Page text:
New zoo CEO plans to keep improving West Tennessee’s No. 1 attraction
MEMPHIS, Tenn. (WMC) - Improvements at the Memphis Zoo over the last 30 years have it consistently ranked as one of America’s best on tripadvisor.com.
The new president and CEO of the Memphis Zoo, Matt Thompson, said he plans to keep zoo refinements coming so the number one attraction in West Tennessee can keep advancing.
Thompson said the Zoo’s Board will hire one of three architectural firms that specialize in zoo attractions to create a ten-year plan for an ever-improving experience for the zoo’s 1.1 million annual visitors.
“So there’s the African component, elephants and giraffes, that could use an upgrade for sure. Then there’s the entire west end after Cat Country. So there’s the aquarium, the birdhouse, and the aquarium that all need updating,” Thompson said.
The aquarium was one of the first air-conditioned buildings in Memphis when it opened in 1959.
Thompson said he’s dreaming of a creative update for the zoo’s home for fish and aquatic life.
“So we have to make a decision as a part of this process. Are we going to build a state-of-the-art aquarium, or is whatever we build going to have a strong aquatic component to it?” Thompson said.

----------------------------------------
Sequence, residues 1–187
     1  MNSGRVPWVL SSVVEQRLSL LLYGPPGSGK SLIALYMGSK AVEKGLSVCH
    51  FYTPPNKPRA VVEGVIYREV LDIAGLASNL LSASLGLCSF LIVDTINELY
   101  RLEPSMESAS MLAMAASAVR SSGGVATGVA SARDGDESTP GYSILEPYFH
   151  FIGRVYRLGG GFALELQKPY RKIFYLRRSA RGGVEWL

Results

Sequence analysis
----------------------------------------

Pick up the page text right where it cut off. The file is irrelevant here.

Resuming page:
The new CEO rose through the ranks from zookeeper 26 years ago to his appointment as the zoo’s new leader after Jim Dean retired on June 16.
Thompson told the Memphis Rotary luncheon on June 21 that the zoo might reimagine where it houses fish and aquatic life, snakes and reptiles and birds and move them all into an attraction with a rainforest feel.
“Birds flying, plants growing, waterfalls crashing, a lot of fish and that kind of thing. That too would be an incredible thing for the zoo. To me, it’s a kind of ultimate immersive experience because you walk in and smell the dirt and the plants. You feel the humidity from the water. It feels like you’re in that part of the world,” Thomson said.
Big on conservation, Thompson revealed to Rotary that the Zoo now owns a farm in Eads, Tennessee that may be used to help some species expand.
“Probably breeding and that kind of thing but it’s very promising for the future of the zoo and I have no doubt it will contribute to our success,” the new zoo leader said.
Thompson is committed to the compromise with the Overton Park Conservancy and the city of Memphis that’ll move Zoo maintenance to the current General Services compound and its entrance on East Parkway.
Once that happens, Thompson said parking on the greensward will end forever.
Thompson said zoo vehicles will use city streets and not the internal roadways frequented by runners, walkers, cyclists, and families enjoying Overton Park.
In addition, Thompson said the Zoo will return 17 acres of the Old Forest State Natural Area to the Overton Park Conservancy that had been reserved for possible zoo expansion in previous administrations.
Thompson says the fence now impeding public access to the 17 acres will be removed and a new fence constructed that will enclose the southern edge of the zoo’s 74-acre footprint.
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